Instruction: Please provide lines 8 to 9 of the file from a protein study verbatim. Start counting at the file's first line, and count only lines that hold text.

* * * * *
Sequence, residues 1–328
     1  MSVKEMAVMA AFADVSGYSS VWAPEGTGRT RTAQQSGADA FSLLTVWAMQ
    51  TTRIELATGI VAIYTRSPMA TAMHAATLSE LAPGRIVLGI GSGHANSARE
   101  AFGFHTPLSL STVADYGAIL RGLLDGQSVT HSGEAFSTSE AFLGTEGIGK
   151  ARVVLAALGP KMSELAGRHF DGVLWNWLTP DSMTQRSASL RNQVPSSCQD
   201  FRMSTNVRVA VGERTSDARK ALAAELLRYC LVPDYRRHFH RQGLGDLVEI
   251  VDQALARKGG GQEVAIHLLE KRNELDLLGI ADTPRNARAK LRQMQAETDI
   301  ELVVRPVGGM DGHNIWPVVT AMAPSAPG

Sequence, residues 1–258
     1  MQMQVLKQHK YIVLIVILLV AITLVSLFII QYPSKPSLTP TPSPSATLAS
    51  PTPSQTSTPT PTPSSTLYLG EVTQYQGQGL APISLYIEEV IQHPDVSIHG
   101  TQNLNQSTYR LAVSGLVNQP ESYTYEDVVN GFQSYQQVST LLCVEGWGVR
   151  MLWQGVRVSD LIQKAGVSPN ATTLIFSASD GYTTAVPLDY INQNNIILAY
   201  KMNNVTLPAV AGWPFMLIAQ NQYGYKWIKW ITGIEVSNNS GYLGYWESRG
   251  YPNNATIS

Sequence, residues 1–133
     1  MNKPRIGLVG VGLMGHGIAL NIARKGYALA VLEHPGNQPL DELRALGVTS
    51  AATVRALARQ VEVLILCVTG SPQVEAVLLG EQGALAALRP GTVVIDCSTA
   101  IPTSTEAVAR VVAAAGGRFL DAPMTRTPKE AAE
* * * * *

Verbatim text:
   301  ELVVRPVGGM DGHNIWPVVT AMAPSAPG

Sequence, residues 1–258